The aggregate number of shares of our common stock that we issued under the terms of our SIPs, net of shares withheld for tax purposes and inclusive of both continuing and discontinued operations, was 45,739 and 449,692 for the quarter and two quarters ended December 28, 2018, respectively, and 67,717 and 398,932 for the quarter and two quarters ended December 29, 2017, respectively. Awards granted to participants under our 2015 EIP during the quarter ended December 28, 2018 consisted of 3,538 restricted shares and restricted units. There were no stock options or performance units granted during the quarter ended December 28, 2018. Awards granted to participants under our 2015 EIP during the two quarters ended December 28, 2018 consisted of 270,963 stock options, 92,758 restricted shares and restricted units and 135,629 performance units. The fair value as of the grant date of each stock option award was determined using the Black-Scholes-Merton option-pricing model and the following assumptions: expected dividend yield of 1.61 percent; expected volatility of 19.87 percent; risk-free interest rates averaging 2.72 percent; and expected term of 5.03 years. The fair value as of the grant date of each restricted share award and restricted unit award was based on the closing price of our common stock on the grant date. The fair value as of the grant date of each performance unit award was determined based on the fair value from a multifactor Monte Carlo valuation model that simulates our stock price and total shareholder return (“TSR”) relative to companies in our TSR peer group, less a discount to reflect the delay in payments of cash dividend-equivalents that are made only upon vesting.
Note C — Restructuring and Other Exit Costs
We record charges for restructuring and other exit activities related to sales or terminations of product lines, closures or relocations of business activities, changes in management structure and fundamental reorganizations that affect the nature and focus of operations. Such charges include termination benefits, contract termination costs and costs to consolidate facilities or relocate employees. We record these charges at their fair value when incurred. In cases where employees are required to render service until they are terminated in order to receive the termination benefits and will be retained beyond the minimum retention period, we record the expense ratably over the future service period. These charges are included as a component of the “Cost of product sales and services” and “Engineering, selling and administrative expenses” line items in our Condensed Consolidated Statement of Income (Unaudited).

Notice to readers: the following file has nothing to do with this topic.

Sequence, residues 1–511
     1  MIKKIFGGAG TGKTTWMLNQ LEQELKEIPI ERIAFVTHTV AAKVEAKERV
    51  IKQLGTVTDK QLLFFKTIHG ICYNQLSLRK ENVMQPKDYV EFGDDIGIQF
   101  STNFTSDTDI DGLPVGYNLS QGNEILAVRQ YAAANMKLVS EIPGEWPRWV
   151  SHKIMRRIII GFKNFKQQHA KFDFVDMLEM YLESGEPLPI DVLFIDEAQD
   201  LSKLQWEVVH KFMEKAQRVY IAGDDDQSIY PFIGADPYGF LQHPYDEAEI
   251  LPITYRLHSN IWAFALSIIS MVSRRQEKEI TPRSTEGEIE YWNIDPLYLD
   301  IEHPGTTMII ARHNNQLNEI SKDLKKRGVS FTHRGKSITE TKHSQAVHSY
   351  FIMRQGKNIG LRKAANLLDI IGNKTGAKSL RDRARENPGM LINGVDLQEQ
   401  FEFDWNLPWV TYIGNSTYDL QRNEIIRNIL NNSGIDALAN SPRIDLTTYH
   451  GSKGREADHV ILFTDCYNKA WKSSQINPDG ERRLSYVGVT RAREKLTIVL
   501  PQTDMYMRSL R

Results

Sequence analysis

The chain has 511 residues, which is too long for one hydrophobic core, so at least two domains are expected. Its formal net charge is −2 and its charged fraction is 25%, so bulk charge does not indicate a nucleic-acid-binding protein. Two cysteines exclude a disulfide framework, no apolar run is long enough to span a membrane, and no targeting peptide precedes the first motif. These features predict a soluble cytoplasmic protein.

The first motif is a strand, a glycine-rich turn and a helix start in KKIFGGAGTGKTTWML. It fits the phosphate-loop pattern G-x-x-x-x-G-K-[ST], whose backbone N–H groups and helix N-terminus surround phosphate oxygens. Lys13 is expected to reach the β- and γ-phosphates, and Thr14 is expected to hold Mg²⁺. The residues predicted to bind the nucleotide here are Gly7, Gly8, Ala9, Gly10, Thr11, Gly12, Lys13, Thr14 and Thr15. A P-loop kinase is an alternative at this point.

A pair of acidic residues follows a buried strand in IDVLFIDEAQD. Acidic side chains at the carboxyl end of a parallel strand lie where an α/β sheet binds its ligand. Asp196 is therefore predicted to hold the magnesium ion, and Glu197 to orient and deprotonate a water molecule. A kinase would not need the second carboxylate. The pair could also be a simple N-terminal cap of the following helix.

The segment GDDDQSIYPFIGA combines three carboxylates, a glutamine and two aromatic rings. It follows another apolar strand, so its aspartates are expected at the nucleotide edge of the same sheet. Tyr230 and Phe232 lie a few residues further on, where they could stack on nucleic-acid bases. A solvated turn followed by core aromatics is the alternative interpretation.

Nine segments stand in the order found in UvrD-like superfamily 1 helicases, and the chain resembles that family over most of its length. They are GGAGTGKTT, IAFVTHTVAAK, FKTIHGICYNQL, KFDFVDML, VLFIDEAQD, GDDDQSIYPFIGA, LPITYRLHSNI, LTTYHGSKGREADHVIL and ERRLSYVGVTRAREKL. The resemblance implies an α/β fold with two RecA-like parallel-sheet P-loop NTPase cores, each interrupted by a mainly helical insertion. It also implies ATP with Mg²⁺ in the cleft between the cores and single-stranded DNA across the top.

In the fourth quarter of fiscal 2018, we recorded a $5 million charge for consolidation of certain Exelis Inc. (collectively with its subsidiaries, “Exelis”) facilities initiated in fiscal 2017. This charge is included as a component of the “Engineering, selling and administrative expenses” line item in our Consolidated Statement of Income in our Fiscal 2017-2018 Update 8-K. We had liabilities of $18 million and $27 million at December 28, 2018 and June 29, 2018, respectively, associated with this integration activity and with previous restructuring actions. The majority of the remaining liabilities at December 28, 2018 represent lease obligations associated with exited facilities with remaining terms of five years or less.
Note D — Accumulated Other Comprehensive Loss
The components of accumulated other comprehensive loss are summarized below:
 
December 28, 2018
 
June 29, 2018
 
 
 
 
 
(In millions)
Foreign currency translation, net of income taxes of $2 million at December 28, 2018 and June 29, 2018